ACC Championship Game Analysis: Hokies Shut Down Ryan, Pull Away

Last
Saturday the Hokies made their sixth appearance in Jacksonville Municipal
Stadium, the most of any venue outside of Lane Stadium over the past ten years.
With the 30-16 victory over Boston College, the Hokies won the 2007 ACC
Championship while evening their record in Jacksonville to 3-3. Midway through
the second quarter, it seemed like a 2-4 record was more likely after QB Matt
Ryan scrambled his way into the end zone for BC’s second touchdown of the game.
Given how things were going at the time, no one could have believed that Tech
would outscore BC 23-0 for the rest of the game.

But that’s exactly what happened. Behind an experienced, veteran team with
great senior leadership, the Hokies weathered the early storm, slowly overtook
the Eagles physically, and dominated the fourth quarter to pull away with the
victory and their second ACC Championship in four years.

Let’s break down how they did it …

Early Impressions

This game certainly did not start the way the Hokies envisioned. They
sputtered out of the gate on both sides of the ball. Meanwhile, with the
exception of the FG/XP unit, BC was clicking on all cylinders.

Offensively, the Hokies were unable to get anything established against the
BC defensive front. The BC linebackers were particularly problematic. Jo-Lonn
Dunbar and Mark Herzlich were unblockable early on. The Hokies wanted to get
Branden Ore and the running game established to bring those safeties out of
their 2-deep sets. Because of those linebackers, nothing was available on the
ground.

I was really impressed with Herzlich’s size and athleticism in the running
game. He is a superb tackler — I’m sure Tyrod Taylor would agree with that
assessment. Remember Herzlich is the guy that stepped in for the injured Brian
Toal at that key inside LB spot. With both coming back in ‘08, BC will be
strong at the linebacker position once again.

Defensively,
the Tech game plan was to challenge the BC receivers on the outside and get
pressure on Matt Ryan. As they had learned back in October, it was also very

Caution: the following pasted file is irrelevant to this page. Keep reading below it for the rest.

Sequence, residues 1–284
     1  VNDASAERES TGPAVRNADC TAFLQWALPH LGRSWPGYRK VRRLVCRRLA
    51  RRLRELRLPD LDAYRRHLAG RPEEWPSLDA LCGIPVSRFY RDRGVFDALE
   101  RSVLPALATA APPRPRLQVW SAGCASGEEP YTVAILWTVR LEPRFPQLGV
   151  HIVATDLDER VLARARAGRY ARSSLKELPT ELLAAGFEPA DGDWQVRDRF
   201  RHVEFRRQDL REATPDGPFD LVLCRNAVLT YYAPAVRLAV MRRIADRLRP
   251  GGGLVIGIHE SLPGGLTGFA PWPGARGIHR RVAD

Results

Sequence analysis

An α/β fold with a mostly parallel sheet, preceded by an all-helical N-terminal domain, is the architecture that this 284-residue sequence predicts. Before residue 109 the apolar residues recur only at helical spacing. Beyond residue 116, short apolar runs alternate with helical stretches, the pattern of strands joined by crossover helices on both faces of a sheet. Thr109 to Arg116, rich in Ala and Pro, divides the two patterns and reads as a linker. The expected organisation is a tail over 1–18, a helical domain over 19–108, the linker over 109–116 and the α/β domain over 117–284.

important to keep Ryan contained and not let him make plays outside the pocket.

To achieve all of that, the defensive ends set-up wide on both sides of the
line and took rush angles that were up the field. DL stunts and a mixture of
blitzes were utilized to give Ryan different pressure looks. In coverage, the
Tech corners were matched-up on BC’s outside receivers in man coverage with help
from the linebackers on digs and crossing routes.

It didn’t take long for Ryan to find the soft spots in the Tech defense. And
every defense has them. As good as the Tech defense has been over the years,
there is no defense that can defend the entire field. That is especially true
when you have a 5th year QB like Matt Ryan matched with a set of wide receivers,
tight ends and running backs that are all very good at executing the primary
fundamentals of the passing game — running precise routes and catching the
football.

With
the Tech LB’s dropping deeper to cutoff those middle crossing routes, there was
room in the short areas between the hashes for dump-offs and check-down passes.
BC’s execution was nearly flawless, with Ryan sharp and accurate and his
receivers catching everything that came their way.

When the Hokies doubled or went man-free with pressure to better defend the
check downs, the BC receivers ran the Tech linebackers out of the middle of the
field. On two occasions, Ryan quickly recognized the man coverage by the
linebackers and scrambled up the middle for big yardage — a 19 yarder and a 14
yarder for a TD.

Bud Foster kept looking for the right formula to slow down the BC offense. To
mix it up, he went with more blitz looks — crossing the LBs, bringing the

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